1. Cooperation of existing charitable agencies. This brings together: The mayor, the police, the overseer of the poor and the heads of the institutions, as representatives of the official aid given; The local charities, fraternities, private institutions and churches as representatives of the private aid given; Individuals who are interested in the movement. From these a certain number is chosen as council or executive committee, whose function will be described later. It is evident that such a society, if complete, could, by aggregate wisdom and combined force, effect large results. It would present a solid front to imposture; effect exchanges of information; measure the work to be done and inaugurate schemes for doing it, which would be as wise and as successful as the business methods and plans of its members.
2. Districting the city. The society is practically related to the poverty and the pauperism of the city, through what is called its district committees or ward conferences. The various churches, clergy, local charities and societies, together with delegates from the overseers of the poor, dispensaries, unite in any district or ward. An office is opened, a superintendent hired. It is the business of this superintendent to make himself acquainted with the condition of the district; its needs, abuses, evils, and its various remedial agencies. All applicants for relief are registered and their case; carefully and kindly inquired into. I shall describe the committee in action later; suffice it to say that in the district committee the poor come up for consideration as individuals.
3. Organized visitors. It is the tendency of all societies to crystallize into fixed forms and methods. Work becomes mechanical; the order is one of routine. The individuals become members of a class to be dealt with by rule. There is no personal relation of individuals of the society with individuals of the class. Then, too, the society is suspected; treated with cunning and deceit, because of the benefit to be derived. To counteract both these tendencies bands of visitors are organized, of men and women. who will visit the poor in their homes. They take their warm hearts, cheery spirits and wise thoughts into homes where need is. They establish personal relations. They give no aid, save that which friendship dictates, nor are they allowed to use their position for purposes of proselytism or technical spiritual instruction….”1.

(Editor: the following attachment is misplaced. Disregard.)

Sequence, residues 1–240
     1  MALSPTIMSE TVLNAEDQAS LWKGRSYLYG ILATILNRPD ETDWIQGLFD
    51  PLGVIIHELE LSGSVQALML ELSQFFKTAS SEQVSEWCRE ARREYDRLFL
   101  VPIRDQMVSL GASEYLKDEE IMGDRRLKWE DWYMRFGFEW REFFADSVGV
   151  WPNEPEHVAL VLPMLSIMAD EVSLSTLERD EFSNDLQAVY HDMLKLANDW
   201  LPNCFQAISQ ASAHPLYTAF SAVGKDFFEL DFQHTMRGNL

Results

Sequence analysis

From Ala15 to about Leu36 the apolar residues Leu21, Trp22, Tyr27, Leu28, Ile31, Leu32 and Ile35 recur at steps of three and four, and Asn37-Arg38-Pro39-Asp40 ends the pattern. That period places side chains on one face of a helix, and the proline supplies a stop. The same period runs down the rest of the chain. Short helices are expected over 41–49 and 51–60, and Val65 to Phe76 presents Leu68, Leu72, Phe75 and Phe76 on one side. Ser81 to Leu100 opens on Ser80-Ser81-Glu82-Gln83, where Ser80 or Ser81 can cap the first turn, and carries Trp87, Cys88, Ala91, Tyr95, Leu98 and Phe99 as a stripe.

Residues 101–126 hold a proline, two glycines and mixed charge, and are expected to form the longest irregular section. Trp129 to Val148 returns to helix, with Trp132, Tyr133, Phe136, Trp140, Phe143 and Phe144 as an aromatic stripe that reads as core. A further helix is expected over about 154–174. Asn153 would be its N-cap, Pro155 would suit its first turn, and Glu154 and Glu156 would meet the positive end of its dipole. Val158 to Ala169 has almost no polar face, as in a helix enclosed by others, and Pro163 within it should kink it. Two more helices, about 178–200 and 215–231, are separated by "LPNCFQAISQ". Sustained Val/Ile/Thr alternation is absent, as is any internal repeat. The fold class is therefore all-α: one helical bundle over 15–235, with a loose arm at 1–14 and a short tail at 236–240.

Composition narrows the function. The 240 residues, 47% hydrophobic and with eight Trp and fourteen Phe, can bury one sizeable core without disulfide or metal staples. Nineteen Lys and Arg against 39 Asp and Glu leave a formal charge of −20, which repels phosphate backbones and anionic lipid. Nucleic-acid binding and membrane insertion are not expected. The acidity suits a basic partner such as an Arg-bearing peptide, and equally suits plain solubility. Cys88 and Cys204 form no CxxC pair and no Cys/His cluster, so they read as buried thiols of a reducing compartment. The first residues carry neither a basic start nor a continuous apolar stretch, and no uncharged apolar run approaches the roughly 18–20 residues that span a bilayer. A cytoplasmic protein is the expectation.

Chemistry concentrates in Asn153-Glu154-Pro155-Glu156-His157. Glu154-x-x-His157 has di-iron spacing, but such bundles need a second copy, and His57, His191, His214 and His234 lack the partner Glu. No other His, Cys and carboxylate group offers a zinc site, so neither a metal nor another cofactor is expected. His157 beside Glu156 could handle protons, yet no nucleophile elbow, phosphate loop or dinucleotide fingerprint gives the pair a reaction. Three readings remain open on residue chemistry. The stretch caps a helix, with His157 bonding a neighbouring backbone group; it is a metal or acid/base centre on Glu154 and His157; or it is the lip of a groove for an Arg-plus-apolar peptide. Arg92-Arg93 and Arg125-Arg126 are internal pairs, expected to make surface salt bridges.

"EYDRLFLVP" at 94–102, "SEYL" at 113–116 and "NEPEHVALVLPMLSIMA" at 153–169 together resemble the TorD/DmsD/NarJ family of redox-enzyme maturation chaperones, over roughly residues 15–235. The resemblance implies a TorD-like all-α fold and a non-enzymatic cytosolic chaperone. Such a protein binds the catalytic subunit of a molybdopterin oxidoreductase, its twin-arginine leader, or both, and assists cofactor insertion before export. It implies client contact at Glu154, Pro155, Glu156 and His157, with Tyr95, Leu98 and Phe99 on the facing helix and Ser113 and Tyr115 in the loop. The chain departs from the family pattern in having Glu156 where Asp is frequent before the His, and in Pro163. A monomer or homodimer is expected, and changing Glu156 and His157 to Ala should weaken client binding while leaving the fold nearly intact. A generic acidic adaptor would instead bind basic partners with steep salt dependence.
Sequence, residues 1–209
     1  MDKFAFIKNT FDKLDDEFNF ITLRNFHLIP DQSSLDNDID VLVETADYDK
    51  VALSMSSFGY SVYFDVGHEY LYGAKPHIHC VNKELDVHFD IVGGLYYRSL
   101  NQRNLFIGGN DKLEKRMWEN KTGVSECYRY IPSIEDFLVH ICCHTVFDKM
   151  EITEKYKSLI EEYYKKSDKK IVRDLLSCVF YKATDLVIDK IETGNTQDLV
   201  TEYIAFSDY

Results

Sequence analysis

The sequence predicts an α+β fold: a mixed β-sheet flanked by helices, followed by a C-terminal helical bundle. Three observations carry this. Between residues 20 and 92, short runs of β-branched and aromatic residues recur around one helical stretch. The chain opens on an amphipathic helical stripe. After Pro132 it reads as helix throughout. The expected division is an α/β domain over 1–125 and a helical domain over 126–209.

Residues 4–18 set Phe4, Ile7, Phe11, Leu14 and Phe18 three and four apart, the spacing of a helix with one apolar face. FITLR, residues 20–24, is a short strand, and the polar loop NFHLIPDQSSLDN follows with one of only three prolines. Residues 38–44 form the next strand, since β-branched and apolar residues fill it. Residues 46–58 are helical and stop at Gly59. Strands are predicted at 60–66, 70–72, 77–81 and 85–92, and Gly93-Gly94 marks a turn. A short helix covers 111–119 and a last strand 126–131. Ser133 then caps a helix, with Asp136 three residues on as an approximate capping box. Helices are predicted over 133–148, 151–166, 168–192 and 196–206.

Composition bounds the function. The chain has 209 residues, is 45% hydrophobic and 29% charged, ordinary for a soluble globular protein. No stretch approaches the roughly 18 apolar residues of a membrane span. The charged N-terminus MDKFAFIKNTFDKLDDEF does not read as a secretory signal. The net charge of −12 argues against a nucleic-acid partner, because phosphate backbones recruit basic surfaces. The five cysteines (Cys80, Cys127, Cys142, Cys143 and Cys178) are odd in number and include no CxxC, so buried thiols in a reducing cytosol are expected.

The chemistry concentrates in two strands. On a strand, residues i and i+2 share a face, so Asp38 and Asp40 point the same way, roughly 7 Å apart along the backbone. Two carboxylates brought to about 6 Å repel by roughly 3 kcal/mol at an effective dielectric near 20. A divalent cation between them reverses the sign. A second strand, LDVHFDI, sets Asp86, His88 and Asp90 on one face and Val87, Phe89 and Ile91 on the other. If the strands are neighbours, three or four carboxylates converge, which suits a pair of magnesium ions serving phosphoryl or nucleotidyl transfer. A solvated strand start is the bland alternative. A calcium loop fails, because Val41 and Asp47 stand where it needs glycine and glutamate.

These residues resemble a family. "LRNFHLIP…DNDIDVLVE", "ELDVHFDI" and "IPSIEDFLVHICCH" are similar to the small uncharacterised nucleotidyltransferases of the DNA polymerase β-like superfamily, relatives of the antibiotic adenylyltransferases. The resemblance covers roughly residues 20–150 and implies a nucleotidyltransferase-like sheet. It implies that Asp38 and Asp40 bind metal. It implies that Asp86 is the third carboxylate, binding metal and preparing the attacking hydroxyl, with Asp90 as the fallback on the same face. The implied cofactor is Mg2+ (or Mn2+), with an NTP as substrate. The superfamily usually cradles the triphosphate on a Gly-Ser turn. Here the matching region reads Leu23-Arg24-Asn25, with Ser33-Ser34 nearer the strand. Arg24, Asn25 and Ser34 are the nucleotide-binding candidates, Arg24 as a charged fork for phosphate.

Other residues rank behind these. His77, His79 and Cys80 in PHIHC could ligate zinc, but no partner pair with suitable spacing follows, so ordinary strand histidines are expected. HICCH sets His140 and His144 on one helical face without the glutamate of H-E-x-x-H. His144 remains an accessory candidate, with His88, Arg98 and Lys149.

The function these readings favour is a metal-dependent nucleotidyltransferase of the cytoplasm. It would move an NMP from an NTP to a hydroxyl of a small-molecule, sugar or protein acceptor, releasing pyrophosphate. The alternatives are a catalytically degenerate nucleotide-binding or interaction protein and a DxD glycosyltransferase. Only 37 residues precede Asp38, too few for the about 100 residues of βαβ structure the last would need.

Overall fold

A Governing Council: A council or executive committee was the heart of a COS. It was composed of representatives of district committees, representatives of charitable institutions, associations, etc., and ex officio members representing business, public officials and others specially selected for their standing in the community. In a central office, and under the immediate control of the Council or Executive Committee, a general registry was kept. In the general registry were all applicants for aid, whether from public or private sources, and information that served as a basis for plans and action. Rev. McCulloch listed the contents and their importance in his 1880 presentation:
“…”It will be remembered that the objects of the society are to reduce vagrancy and pauperism, and to ascertain the causes; to prevent duplicate and indiscriminate giving; to secure the community from imposture, and to see that all deserving poverty is relieved.
“But this can only be done when there is known the amount and extent of poverty, the names and addresses of all receiving aid, the various beneficiaries of the relief agencies. To this end the following system of registration is adopted:
1. The names of all applying for or receiving official outdoor aid, are entered. In the office at Indianapolis, transcripts of their history, as they appear on the books /of the township trustee, are taken. Related families are grouped together.
2. The names of all persons receiving aid in the various institutions or outdoor, are entered. These include the dispensaries, the hospital, the almshouse, etc.
3. All persons relieved by associations, societies, guilds, churches, so far as they cooperate, are registered.
4. All persons relieved by private charity, so far as they can be ascertained.
5. All persons in penal and reformatory institutions, and passing through the courts.
“All these are entered upon special and separate books and then gathered into a ” general index” in columns appropriately headed. Such a registry is valuable for the following reasons:
1. It reveals, according to its completeness, the extent of poor relief in the city.
2. It reveals the overlapping or the receipt of aid in the case of any individual from more than one source.
3. It reveals the amount of aid received by any one family.
4. It shows family lines; grouping together those related by marriage and descent.,
5. It shows the pauper or crime history of those families tracing them into prison, almshouse, reformatory or refuge.
6. It gives histories of families and individuals from which to deduce the causes operating to bring a family down; causes of heredity, association, etc.
7. It outlines the methods to be taken to elevate a family, or an individual, now degenerating, or remove another from evil associations.